There were a few problems with all this effort by Josiah though. It didn’t work! God’s anger against Judah was not assuaged. He still was going to punish them (vs. 26,27). And it didn’t work because after Josiah’s death in battle, his son, Eliakim (Jehoiakim) became king and returned to the evil ways of previous kings. Doing what was evil is another way of saying that he returned to idolatry. Jehoiachin, the son of Jehoiakim also “did evil,” as also Zedekiah, Jehoiachin’s uncle.
Why didn’t Josiah’s reforms succeed? Why did all the remaining kings of Judah revert to idolatry in spite of the fact that God had promised to destroy the nation? There may have been numerous reasons; I will suggest just a few.
- The people of Judah did not understand their God. To them, He was a God among many gods. In spite of the fact that He had revealed Himself numerous times and a multiplicity of ways over the history of their nation, they still did not “get it” as far as He was concerned. He alone is God. He is a jealous God who allows no rivalry in the affections hearts of men.
- They didn’t love God as they should have. The first commandment according to Jesus was: “You shall love the LORD your God with all your heart and with all your soul and with all your mind.” (Matthew 22:37). This was a quote taken from Deuteronomy 6:5, so the people of Josiah’s day should have known what God required of them. We know they did not love God because had they done so they would have had no room for love of an idol. They could make all the promises in the world but if their hearts were not committed to God, they would unfailingly go back to the worship of idols.
- Josiah’s reformation was a top-down, external effort. By that I mean that it was imposed on the people by the king. It was not something they thought up and did on their own. They didn’t suddenly get sick of idolatry when they heard the Law read and decide to dump it. They were still holding on to their idols. Josiah attempted to stamp out idolatry by destroying and desecrating their altars and sacred places, but idolatry originates in the hearts of men.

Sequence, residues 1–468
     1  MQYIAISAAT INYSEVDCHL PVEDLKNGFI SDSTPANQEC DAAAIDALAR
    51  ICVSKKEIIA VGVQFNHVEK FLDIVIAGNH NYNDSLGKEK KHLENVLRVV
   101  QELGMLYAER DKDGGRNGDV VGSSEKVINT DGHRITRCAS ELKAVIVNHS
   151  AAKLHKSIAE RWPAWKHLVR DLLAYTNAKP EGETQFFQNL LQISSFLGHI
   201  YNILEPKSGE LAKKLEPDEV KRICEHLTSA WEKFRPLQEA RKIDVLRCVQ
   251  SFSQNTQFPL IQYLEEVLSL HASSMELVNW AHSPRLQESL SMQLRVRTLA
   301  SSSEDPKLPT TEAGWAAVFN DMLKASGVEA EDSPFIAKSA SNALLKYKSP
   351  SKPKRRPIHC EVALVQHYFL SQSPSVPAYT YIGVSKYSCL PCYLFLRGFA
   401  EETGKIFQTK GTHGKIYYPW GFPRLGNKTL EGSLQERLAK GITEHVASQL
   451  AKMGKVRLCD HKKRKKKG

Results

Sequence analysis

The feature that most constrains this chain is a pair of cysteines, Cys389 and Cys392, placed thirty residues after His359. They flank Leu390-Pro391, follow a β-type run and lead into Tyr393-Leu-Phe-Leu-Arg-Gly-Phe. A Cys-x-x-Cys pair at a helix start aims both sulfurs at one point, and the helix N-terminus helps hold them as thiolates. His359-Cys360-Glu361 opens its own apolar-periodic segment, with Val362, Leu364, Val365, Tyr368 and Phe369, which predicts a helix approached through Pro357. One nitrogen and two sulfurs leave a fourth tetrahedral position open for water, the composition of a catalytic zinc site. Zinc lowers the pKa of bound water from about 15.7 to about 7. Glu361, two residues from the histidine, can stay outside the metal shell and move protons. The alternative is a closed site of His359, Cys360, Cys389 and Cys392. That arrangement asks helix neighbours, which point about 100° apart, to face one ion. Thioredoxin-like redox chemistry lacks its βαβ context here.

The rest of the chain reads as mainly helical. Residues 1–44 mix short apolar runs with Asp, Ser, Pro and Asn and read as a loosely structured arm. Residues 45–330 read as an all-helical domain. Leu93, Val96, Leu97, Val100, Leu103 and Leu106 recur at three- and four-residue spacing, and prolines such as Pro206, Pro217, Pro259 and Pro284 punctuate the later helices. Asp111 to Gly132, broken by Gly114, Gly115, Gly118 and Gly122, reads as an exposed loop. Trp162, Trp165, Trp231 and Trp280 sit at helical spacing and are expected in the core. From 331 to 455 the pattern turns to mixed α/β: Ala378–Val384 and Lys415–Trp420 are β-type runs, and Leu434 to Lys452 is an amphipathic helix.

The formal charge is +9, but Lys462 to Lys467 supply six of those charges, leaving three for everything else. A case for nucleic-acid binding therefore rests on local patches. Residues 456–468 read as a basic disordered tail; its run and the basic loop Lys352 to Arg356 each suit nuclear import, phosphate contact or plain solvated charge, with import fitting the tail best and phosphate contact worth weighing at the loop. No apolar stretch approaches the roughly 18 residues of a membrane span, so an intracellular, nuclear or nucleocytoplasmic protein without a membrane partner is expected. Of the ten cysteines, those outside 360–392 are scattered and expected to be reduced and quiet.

- They were “wedded” to their idols. There are numerous attractions offered by idolatry. For example, the worship of the fertility gods offered sexual orgies by which the worshiper was promised bountiful crops and large families. Other gods offered different “blessings.” Molech was worshiped by killing and burning children in the arms of the idol. Perhaps these worshipers didn’t think the animal sacrifices God required were enough to atone for their sins, so they made human sacrifices. This is probably what the prophet Micah alludes to to illustrate the futility of attempting to appease God by human effort…
“Shall I give my firstborn for my transgression,
the fruit of my body for the sin of my soul?” (Micah 6:7).
Whatever the reason, God was not seen as sufficient for their needs. God was seen as less than He claimed to be, less able than the gods of the nations, so they supplemented His power with the “power” of the idols. In doing so they lowered themselves to the level of the lustful, bloodthirsty, immoral gods of man’s imagination.
For these reasons Josiah’s reformation did not work. It may have appeared to as long as he lived, but as soon as he was out of the picture, the nation reverted back to her old ways and within a few years was conquered and enslaved by the Babylonians.
PART II TOMORROW.